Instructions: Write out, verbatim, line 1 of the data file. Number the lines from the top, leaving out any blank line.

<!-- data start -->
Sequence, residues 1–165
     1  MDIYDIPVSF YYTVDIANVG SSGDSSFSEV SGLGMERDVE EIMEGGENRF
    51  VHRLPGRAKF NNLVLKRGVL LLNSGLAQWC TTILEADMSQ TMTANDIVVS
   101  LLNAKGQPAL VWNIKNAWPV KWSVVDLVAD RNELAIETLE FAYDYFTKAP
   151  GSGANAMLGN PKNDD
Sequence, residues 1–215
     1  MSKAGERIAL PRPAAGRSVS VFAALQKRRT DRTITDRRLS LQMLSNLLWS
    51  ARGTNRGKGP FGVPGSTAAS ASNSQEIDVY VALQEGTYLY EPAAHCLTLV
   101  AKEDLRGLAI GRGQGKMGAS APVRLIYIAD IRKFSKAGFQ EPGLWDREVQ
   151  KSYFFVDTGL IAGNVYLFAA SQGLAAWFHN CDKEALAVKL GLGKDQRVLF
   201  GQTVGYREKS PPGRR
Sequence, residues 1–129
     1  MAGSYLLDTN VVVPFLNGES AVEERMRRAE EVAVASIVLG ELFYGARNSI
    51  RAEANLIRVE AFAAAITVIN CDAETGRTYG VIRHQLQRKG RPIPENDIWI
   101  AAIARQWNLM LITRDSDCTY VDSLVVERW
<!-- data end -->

Sequence, residues 1–165